What Should I Do if My Dog Has a Seizure?

 

If your dog has them often, he may have a seizure disorder. Another name for that is epilepsy. Abnormal, uncontrolled bursts of electrical activity in your dog’s brain cause seizures, affecting how he looks and how he behaves. Seizures can look like a twitch or uncontrollable shaking and can last from less than a minute to several minutes.

First, try to stay calm. If your dog is near something that could hurt him, like a piece of furniture or the stairs, gently slide him away.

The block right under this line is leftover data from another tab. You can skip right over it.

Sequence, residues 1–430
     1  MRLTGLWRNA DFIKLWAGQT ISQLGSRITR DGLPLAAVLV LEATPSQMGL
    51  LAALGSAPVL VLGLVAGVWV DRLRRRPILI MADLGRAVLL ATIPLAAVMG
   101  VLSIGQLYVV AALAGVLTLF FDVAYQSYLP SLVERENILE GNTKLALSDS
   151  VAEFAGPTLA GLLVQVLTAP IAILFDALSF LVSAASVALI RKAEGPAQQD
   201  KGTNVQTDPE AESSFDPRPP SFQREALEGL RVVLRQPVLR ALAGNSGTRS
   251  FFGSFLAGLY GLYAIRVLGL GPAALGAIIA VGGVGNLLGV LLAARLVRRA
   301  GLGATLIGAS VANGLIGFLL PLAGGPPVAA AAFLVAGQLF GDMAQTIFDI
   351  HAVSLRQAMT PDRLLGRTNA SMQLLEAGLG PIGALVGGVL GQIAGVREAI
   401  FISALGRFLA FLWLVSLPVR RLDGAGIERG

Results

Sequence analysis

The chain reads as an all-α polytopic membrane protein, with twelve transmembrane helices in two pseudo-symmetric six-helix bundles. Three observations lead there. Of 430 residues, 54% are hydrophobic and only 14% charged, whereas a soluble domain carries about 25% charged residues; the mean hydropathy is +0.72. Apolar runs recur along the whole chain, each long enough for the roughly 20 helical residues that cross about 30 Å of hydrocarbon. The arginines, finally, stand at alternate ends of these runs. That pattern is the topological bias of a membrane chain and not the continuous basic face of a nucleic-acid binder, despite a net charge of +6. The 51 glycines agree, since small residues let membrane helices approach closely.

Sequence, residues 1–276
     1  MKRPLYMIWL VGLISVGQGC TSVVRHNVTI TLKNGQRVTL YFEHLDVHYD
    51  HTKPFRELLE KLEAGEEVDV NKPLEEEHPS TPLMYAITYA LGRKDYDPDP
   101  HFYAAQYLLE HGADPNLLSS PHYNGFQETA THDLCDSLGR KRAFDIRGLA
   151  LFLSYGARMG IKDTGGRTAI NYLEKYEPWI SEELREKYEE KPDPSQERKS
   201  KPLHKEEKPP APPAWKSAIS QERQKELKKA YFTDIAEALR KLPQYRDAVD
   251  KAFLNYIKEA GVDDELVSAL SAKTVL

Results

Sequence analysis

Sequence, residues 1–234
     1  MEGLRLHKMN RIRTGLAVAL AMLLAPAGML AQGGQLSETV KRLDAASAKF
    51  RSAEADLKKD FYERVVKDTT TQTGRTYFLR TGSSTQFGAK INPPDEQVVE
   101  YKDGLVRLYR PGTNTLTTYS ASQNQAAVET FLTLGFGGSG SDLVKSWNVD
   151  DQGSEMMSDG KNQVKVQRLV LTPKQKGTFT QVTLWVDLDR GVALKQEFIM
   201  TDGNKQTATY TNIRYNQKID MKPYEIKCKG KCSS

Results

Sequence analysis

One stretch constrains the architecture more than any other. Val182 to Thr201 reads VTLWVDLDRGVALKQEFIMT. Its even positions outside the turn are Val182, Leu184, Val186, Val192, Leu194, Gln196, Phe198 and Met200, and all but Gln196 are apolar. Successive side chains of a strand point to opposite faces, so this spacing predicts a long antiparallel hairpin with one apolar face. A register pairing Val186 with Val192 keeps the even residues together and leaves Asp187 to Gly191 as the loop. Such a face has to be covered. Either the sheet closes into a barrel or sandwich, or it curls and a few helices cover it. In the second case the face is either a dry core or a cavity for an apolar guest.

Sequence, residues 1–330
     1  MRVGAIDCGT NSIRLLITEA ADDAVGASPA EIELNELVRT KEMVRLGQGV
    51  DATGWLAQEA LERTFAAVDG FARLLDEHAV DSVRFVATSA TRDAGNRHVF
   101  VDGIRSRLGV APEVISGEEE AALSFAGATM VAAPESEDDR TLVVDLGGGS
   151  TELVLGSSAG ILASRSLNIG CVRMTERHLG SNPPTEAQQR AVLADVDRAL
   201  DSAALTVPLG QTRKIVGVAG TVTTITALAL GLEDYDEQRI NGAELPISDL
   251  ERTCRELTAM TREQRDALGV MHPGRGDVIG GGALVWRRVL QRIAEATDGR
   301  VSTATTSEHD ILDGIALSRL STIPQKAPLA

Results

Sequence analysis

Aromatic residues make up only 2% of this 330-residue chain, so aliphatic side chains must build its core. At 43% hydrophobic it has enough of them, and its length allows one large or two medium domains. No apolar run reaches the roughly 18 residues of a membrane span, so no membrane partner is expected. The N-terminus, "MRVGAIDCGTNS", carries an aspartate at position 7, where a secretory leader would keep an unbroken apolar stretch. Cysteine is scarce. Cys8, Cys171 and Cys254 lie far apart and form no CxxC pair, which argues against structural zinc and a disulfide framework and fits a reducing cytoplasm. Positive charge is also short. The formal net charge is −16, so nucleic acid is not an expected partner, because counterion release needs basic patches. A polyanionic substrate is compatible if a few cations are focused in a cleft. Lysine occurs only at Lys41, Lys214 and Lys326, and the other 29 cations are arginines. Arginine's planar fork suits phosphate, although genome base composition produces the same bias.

Stay away from your dog’s mouth and head; he could bite you. Don’t put anything in his mouth. Dogs cannot choke on their tongues. If you can, time it.

If the seizure lasts for more than a couple of minutes, your dog is at risk of overheating. Turn a fan on your dog and put cold water on his paws to cool him down.

Talk to your dog softly to reassure him.

Avoid touching him - he may unknowingly bite. Call your vet when the seizure ends.

If your dog has a seizure that lasts more than 5 minutes or if he has several in a row while he's unconscious, take him to a vet as soon as possible.

The longer a seizure goes on, the higher a dog’s body temperature can rise, and he may have problems breathing. This can raise his risk of brain damage.